A first time visit to Paris isn’t really complete without seeing some of the city’s most famous sites, but the problem is that these places are typically packed with other tourists.
Steps can be taken, however, to avoid wasting time in line. My wife made advance reservations at the Eiffel Tower, so we were able to take a quicker route to the top. We were also able to select our time, so we got to enjoy a wonderful evening view of Paris.
Another spot for a grand look at Paris is from the tower of Notre Dame Cathedral. Wanting to see the majestic interior, we mistakenly stood in a slow-moving line on the side of the cathedral that actually led us up a winding, narrow staircase to the famous tower. Once inside, the only way down was to go up first, but we did get a lovely view of the city from the top of Notre Dame.
Seeing the entire Louvre Museum can be overwhelming, if not impossible. Instead, we decided to target a couple of classic pieces — the Mona Lisa and the Venus de Milo — and, along the way, we saw such interesting things as the Winged Victory sculpture and impressive medieval ruins. The neighboring Tuileries Gardens offers a nice museum break, particularly for kids, who can take a carousel ride or work off some pent-up energy at a trampoline zone.
A sweet way to conclude a day at the Louvre is with dessert at La Maison Angelina. This hot spot is known for having one of the best cups of hot chocolate in Paris. While my wife and daughter enjoyed the hot chocolate, I opted for the iced version, which was quite refreshing on a warm summer day.
Since we were planning on seeing a lot of tourist sites, we decided to get a Paris Pass. While the Paris Museum Pass concentrates on museums, the Paris Pass covers other attractions, too. It provides pre-paid entrance or discounts at more than 55 sites — from the big (the Musee d’Orsay, the Rodin Museum and the Pompidou Center) to the small (like the Paris Wax Museum and the Musee de la Musique).
The pass — which comes in lengths of two, four or six days — also has the option of adding a Metro Pass, a convenient method for getting around. Another advantage to the pass is a discount on a Seine River boat cruise and on a hop-on, hop-off bus tour.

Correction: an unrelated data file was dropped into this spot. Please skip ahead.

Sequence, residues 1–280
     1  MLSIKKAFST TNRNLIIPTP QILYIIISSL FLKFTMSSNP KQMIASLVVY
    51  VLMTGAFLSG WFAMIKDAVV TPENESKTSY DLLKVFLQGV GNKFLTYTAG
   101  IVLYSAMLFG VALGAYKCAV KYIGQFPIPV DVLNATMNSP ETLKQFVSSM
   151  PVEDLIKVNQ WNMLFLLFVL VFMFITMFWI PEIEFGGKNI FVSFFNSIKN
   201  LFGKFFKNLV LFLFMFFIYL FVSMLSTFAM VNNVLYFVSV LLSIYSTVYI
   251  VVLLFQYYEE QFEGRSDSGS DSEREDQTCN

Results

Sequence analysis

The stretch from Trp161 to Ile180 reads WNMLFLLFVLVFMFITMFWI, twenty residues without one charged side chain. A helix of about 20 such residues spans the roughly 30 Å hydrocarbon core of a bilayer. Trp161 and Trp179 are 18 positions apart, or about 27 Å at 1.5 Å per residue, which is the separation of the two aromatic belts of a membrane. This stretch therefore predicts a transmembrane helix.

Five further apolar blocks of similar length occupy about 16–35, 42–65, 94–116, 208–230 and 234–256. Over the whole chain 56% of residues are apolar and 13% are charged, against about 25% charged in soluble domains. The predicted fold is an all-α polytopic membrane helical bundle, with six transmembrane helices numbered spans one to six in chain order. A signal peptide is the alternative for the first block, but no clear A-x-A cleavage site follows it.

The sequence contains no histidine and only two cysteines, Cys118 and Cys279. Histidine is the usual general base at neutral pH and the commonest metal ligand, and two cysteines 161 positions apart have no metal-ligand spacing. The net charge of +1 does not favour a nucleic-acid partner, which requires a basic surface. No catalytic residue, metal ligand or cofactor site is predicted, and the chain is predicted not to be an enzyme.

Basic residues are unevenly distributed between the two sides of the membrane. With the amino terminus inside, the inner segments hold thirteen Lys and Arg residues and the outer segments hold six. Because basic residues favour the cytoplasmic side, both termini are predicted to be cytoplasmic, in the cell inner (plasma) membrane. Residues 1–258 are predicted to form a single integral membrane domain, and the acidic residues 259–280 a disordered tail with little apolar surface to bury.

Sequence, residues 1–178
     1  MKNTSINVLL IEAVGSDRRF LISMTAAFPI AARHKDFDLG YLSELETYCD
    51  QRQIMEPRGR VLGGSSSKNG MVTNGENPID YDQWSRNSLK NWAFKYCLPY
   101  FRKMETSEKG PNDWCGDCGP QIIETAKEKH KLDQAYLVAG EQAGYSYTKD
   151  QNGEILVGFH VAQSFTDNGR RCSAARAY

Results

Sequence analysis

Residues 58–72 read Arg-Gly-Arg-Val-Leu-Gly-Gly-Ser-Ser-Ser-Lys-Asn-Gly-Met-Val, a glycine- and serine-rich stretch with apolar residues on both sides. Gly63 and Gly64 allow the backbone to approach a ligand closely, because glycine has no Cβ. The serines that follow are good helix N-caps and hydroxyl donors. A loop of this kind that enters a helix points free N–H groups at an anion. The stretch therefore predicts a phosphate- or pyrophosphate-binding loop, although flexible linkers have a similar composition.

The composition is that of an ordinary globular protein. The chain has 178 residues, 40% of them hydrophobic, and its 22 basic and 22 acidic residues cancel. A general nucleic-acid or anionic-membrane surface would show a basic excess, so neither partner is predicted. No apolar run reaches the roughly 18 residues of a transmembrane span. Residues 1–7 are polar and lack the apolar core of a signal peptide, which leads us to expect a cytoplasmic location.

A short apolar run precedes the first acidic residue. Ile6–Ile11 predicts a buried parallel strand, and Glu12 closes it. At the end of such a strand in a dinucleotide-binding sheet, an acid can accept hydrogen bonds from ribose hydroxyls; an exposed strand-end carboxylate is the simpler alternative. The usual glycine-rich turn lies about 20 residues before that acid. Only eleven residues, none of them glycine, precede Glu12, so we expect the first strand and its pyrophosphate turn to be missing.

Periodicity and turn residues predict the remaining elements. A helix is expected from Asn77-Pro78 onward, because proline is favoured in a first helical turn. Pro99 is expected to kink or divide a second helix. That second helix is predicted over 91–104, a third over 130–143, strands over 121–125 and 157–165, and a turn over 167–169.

Paris offers more sites and attractions than can be seen in a week. The key is to pick things of interest and to not overload the day. Oh, and to make sure to enjoy some sweets.
| Families can take a hands-on class in macaroon making. // © 2012 Thinkstock|
Where to Eat
Travelers to Paris — particularly those with children — need not be worried that their choices are either haute cuisine or no cuisine. There are plenty of good, family-friendly dining options.
One popular French food to enjoy is the crepe. While not every creperie is equal, we found it was easy to find a good one (in both price and quality) around the city.
Another very French, yet also tourist-friendly, dining experience is to pick up a baguette sandwich at a sidewalk stand. We enjoyed some very tasty sandwiches while walking the Rue Saint-Antoine at a stand outside the cheese shop La Fromagerie Saint Charles.
While in the Latin Quarter, we lucked into a neighborhood spot, La Petite Perigourdine, on Rue de Ecoles. It seemed as though only one waitress there spoke English, but we were able to communicate enough to wind up with an excellent meal, including an amazing French onion soup.
Along the picturesque narrow streets of Ile St. Louis is a great place to find that favorite French dessert, glace (a version of ice cream). It seems that each block in this neighborhood is home to a little artisan glace shop, and we stopped at L’ile Flottante to cool off with mango-, caramel- and tiramisu-flavored treats.